JavaScript Array Filter Method

The JavaScript Array Filter Method: Explained & Made Easy!

After we have covered the JavaScript Array Find Method in the last article, allowing us to return one single element of an Object by searching for a string value, it is time to move forward and learn how to return multiple values from an Array by searching for a string or number using the JavaScript Array Filter Method.

As always, we are going to break the code down and go through it step-by-step, so you will be able to fully understand each of its components.

In today’s example, we are going to use an array of objects consisting of car brands and models.

const cars = [
  {
    brand: "Audi",
    model: "A4"
  },
  {
    brand: "Audi",
    model: "100"
  },
  {
    brand: "BMW",
    model: "318i"
  },
  {
    brand: "BMW",
    model: "i8"
  },
  {
    brand: "Tesla",
    model: "P100D"
  }
];

Our task? Pulling out each model of a certain brand from this array of objects using the JavaScript Array Filter Method. Let’s get our hands dirty!

The JavaScript Array Filter Method

Let’s start to create the JavaScript Array Filter Method.

let findBrands = cars.filter(function(item) {
  const carBrand = item.brand === "Audi";
  return carBrand;
});

console.log(findBrands);

This is the bare filter() method. Let’s break it down.

let findBrands = cars.filter(function(item)

We create the variable findBrands and make it equal to the cars.filter(function(item)). Cars stands for the name of our array, meaning we call the method on our cars array.

The filter() method calls a callback function one time for every element in the array and then constructs a completely new array of all elements that returned a truthy value. Our item argument reflects those values, this is why we compare if our item.brand is equal to our search string.

const carBrand = item.brand === "Audi";

Now we create a variable called carBrand. As mentioned above, we use this variable to store the values that are true according to our comparison to item.brand and return them later on.

Finally, we console.log our find.Brands variable. The output is the following:

[ { brand: 'Audi', model: 'A4' },
  { brand: 'Audi', model: '100' } ]

If we would go ahead and change our search string from “Audi” to “BMW“:

let findBrands = cars.filter(function(item) {
  const carBrand = item.brand === "BMW";
  return carBrand;
});

console.log(findBrands);

the output is the following:

[ { brand: 'BMW', model: '318i' },
  { brand: 'BMW', model: 'i8' } ]

Now keep in mind that the input of our search string is case-sensitive. If we would write “bmw” instead of “BMW“, the output would be:

[]

To fix this, we can make use of the toLowerCase() method.

let findBrands = cars.filter(function(item) {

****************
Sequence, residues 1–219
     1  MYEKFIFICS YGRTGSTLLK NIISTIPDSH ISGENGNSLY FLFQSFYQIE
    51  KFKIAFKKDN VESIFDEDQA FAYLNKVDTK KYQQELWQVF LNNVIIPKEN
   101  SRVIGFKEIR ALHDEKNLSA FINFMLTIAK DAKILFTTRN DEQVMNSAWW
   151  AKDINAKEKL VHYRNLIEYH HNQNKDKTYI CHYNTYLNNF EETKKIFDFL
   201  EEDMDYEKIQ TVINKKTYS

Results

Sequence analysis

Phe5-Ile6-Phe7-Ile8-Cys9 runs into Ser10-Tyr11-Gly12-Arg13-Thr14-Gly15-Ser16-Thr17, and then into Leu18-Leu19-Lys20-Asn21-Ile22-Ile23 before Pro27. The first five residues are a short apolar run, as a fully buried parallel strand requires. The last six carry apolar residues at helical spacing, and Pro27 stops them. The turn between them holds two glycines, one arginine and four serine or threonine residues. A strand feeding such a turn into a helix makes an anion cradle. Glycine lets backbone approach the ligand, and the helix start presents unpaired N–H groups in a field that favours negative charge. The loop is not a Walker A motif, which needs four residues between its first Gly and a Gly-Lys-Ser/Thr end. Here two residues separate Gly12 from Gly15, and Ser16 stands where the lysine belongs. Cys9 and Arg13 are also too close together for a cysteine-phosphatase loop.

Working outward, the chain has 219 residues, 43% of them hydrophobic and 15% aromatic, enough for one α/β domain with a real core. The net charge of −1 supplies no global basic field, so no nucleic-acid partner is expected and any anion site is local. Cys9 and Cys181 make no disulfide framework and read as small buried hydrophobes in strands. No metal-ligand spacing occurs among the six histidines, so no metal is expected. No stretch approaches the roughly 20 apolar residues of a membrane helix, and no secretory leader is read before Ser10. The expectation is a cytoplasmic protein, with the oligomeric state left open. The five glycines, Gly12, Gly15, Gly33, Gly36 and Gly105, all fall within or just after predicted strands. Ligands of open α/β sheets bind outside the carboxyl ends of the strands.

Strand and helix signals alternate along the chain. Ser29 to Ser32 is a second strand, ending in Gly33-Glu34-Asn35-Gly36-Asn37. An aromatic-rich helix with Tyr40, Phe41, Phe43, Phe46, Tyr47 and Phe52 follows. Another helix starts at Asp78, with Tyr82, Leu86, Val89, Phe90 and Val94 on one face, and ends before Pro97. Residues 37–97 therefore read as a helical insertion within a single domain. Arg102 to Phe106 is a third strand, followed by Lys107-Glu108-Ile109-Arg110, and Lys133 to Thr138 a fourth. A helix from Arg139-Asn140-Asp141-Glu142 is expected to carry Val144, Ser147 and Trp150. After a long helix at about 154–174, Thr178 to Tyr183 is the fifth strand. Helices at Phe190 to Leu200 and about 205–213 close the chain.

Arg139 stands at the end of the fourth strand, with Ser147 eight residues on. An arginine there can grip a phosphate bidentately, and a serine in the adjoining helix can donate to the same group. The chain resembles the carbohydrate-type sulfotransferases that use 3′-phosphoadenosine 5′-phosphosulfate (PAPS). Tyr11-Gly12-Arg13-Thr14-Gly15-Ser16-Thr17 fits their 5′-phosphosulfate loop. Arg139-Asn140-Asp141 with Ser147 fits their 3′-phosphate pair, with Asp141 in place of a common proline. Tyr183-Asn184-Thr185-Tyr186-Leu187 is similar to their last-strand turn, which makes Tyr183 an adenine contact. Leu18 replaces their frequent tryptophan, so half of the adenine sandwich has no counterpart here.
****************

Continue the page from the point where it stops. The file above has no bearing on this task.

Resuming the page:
const carBrand = item.brand.toLowerCase() === "bmw";
  return carBrand;
});

This transforms all input to lowercase characters, getting rid of case-sensitivity.

Creating a JavaScript Array Find Function

To make this code a little bit more convenient for later use, let’s wrap everything in a function and refactor our code a bit, so we will be able to pass the array and our search strings as arguments instead of manipulating our find() method each time.

const findBrand = function(array, brand) {
  return array.filter(function(item) {
    const carBrand = item.brand.toLowerCase() === brand.toLowerCase();
    return carBrand;
  });
};

console.log(findBrand(cars, "Audi"));

What we did here was, we created a new function called findBrand with two arguments: an array and the brand we search for. Then we removed the let findBrands variable and replaced it with return array.filter(function(item)).

Next, we replaced our actual search string “bmw” with the brand argument of our findBrand() function. To still be able to do case-insensitive searches, we also need to transform the brand variable toLowerCase().

Finally, we console.log(findBrands(cars, “Audi”)); where cars are the name of our array and “Audi” is our search string. Now we are able to conveniently use this function to search for whatever we want. let’s give it a final test:

console.log(findBrand(cars, "tesla"));

Note that “tesla” is written with lower case, whereas in the original array it is written with capitalized letters “Tesla“, the output nevertheless is:

[ { brand: 'Tesla', model: 'P100D' } ]

Conclusion

This JavaScript Array Filter method really is useful in so many different cases. Look up the MDN documentation for further details. Make sure to keep it in the back of your head, or bookmark this article for later reference. I hope I was able to break it down so you are able to fully understand how it works. Let me know in the comments below.

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